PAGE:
Social Media Becomes Hotbed For Drug Cartels To Boast Of Violence
Dubbed narcomedia, the trend of cartels using social media to display acts of violence has been growing more widespread.
As Mexico becomes increasingly connected to the internet and social media, sites like Facebook and Twitter have become the go-to location for drug cartels to release images of dead bodies and other graphic material as a means of intimidation.
Known as narcomedia, the trend began in 2005 with a YouTube video showing the torture and murder of Mexican drug cartel hit men. But with one-third of the country's residents using a social media account, compared to just five percent of the country having internet access in 2000, it's becoming far more commonplace.
"Any industry is going to use whatever it can to get their message across," said John Gibler, author of To Die in Mexico: Dispatches from Inside the Drug War. “Publishers create blogs, they do book promotions, post clips to YouTube, hire people to staff social media accounts. Illicit industries are doing the same — using social media in their own ways, to spread fear and command respect and control."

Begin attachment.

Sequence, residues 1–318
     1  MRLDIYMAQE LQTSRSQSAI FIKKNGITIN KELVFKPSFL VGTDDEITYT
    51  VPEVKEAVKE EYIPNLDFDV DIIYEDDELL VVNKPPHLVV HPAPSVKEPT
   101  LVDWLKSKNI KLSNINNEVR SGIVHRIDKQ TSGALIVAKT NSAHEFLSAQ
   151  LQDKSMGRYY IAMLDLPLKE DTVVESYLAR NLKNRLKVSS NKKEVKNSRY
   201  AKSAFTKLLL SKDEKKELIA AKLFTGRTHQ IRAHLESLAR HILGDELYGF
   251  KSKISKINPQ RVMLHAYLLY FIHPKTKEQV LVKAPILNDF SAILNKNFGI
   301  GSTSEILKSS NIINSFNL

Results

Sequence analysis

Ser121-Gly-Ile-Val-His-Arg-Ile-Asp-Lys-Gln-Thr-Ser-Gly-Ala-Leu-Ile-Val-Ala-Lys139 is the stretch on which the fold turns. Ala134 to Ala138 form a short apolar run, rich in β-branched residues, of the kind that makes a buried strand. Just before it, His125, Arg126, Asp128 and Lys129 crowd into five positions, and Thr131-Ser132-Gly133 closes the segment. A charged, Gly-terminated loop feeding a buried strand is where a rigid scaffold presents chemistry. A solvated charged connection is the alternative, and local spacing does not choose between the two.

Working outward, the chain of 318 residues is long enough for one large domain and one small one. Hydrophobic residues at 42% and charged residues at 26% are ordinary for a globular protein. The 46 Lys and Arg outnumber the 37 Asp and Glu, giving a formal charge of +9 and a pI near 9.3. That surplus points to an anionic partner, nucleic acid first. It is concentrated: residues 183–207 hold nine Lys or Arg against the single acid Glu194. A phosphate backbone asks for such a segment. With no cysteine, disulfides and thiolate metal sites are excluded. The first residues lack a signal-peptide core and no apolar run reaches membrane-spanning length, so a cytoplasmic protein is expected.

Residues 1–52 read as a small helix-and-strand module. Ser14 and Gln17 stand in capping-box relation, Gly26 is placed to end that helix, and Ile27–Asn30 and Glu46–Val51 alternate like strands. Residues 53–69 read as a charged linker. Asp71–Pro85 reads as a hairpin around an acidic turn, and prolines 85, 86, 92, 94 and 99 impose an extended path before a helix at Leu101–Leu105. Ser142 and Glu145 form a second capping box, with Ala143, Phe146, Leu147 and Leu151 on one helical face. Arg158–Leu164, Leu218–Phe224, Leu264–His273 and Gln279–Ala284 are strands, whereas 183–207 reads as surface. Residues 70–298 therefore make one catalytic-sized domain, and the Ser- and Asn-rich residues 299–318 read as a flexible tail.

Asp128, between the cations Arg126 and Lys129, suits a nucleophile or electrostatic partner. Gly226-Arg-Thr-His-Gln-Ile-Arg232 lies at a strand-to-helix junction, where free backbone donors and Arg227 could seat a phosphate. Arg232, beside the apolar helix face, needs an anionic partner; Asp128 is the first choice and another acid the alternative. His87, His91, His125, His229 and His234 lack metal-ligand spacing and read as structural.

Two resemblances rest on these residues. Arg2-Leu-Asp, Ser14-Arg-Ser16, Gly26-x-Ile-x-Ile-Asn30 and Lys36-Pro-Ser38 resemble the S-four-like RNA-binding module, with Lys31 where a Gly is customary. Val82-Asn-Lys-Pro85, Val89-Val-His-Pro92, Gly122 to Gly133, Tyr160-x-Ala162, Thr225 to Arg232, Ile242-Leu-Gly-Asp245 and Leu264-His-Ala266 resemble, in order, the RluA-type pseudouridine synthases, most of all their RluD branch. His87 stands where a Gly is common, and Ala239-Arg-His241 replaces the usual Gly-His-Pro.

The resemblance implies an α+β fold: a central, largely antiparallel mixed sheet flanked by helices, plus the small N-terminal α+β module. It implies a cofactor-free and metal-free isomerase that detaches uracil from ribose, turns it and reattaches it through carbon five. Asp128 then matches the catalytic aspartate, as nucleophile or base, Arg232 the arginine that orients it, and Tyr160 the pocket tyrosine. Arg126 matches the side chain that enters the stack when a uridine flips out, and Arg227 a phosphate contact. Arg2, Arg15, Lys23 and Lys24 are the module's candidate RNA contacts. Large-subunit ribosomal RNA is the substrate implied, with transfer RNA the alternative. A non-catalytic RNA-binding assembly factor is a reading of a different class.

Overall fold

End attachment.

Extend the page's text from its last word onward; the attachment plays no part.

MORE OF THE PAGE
The spread of narcomedia has been further complicated by blurred lines in the relationship between drug cartels and government agencies. “[People] tend to be shocked by the idea of corruption — that someone representing a government body might have been involved. I urge people to reconsider this idea that the cartels and the government are two distinct entities,” said Gibler. "it’s impossible for an organized crime organization — especially one that’s transnational — to function without employees inside the state at all levels."
In the spring of 2012, the rival Sinaloa and Los Zetas cartels fought for press attention by trying to outdo each other with gruesome murders that were posted to YouTube. Forty-nine decapitated bodies were discovered alongside a highway in Nuevo Leon; a leader of the Zetas cartel, Daniel de Jesus Elizondo Ramirez, has since been taken into custody for the murders. Other recent incidents include two criminal groups and their allies depositing 14 headless bodies in front of city hall in the border city of Nuevo Laredo, and hanging nine people, four of them women, from a bridge in the same city.
“What was once viewed as extreme is now normal," said Alejandro Hope, a security analyst with the Mexican Institute for Competitiveness, a nonpartisan think tank. "So these gangs must find new extremes. And the only real limit is their imagination, and you do not want to know what is the limit of psychopaths.”